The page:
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  • Adaptive Object Tracking by Learning Hybrid Template Online

    Publication Year: 2011 , Page(s): 1588 - 1599
    Cited by:  Papers (9)
    Save to Project icon | Request Permissions | Click to expandQuick Abstract | PDF file iconPDF (623 KB) |  | HTML iconHTML  

    This paper presents an adaptive tracking algorithm by learning hybrid object templates online in video. The templates consist of multiple types of features, each of which describes one specific appearance structure, such as flatness, texture, or edge/corner. Our proposed solution consists of three aspects. First, in order to make the features of different types comparable with each other, a unified statistical measure is defined to select the most informative features to construct the hybrid template. Second, we propose a simple yet powerful generative model for representing objects. This model is characterized by its simplicity since it could be efficiently learnt from the currently observed frames. Last, we present an iterative procedure to learn the object template from the currently observed frames, and to locate every feature of the object template within the observed frames. The former step is referred to as feature pursuit, and the latter step is referred to as feature alignment, both of which are performed over a batch of observations. We fuse the results of feature alignment to locate objects within frames. The proposed solution to object tracking is in essence robust against various challenges, including background clutters, low-resolution, scale changes, and severe occlusions. Extensive experiments are conducted over several publicly available databases and the results with comparisons show that our tracking algorithm clearly outperforms the state-of-the-art methods. View full abstract»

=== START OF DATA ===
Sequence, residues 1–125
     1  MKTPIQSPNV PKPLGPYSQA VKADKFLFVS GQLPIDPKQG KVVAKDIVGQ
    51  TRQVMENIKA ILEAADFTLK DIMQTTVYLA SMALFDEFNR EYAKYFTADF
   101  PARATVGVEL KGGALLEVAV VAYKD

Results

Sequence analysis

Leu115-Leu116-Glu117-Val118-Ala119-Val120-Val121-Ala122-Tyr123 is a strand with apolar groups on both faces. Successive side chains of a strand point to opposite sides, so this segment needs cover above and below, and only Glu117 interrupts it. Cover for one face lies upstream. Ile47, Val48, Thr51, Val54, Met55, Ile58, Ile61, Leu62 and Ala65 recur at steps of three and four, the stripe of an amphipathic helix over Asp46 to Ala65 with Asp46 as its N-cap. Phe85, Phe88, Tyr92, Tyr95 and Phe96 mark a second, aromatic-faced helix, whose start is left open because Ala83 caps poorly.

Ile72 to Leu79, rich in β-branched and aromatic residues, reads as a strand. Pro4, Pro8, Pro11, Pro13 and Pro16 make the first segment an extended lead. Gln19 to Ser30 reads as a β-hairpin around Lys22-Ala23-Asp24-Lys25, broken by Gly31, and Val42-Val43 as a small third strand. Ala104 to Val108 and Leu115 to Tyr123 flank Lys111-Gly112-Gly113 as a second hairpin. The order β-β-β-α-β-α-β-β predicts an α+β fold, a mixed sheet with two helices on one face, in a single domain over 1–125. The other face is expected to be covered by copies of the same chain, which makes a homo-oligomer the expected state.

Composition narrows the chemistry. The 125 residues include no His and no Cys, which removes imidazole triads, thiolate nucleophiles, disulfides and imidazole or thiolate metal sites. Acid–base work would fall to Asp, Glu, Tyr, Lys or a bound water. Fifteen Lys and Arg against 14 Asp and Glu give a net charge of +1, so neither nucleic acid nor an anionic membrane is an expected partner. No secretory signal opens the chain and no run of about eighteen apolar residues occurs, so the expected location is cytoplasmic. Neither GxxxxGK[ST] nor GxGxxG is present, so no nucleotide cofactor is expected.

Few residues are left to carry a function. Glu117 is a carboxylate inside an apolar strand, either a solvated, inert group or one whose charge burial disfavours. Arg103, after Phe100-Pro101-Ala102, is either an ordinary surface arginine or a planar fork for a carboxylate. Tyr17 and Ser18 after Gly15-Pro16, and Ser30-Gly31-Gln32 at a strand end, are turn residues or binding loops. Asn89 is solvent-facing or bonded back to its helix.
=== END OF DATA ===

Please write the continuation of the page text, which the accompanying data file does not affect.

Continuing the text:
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  • A Low-Cost High-Quality Adaptive Scalar for Real-Time Multimedia Applications

    Publication Year: 2011 , Page(s): 1600 - 1611
    Cited by:  Papers (5)
    Save to Project icon | Request Permissions | Click to expandQuick Abstract | PDF file iconPDF (1171 KB) |  | HTML iconHTML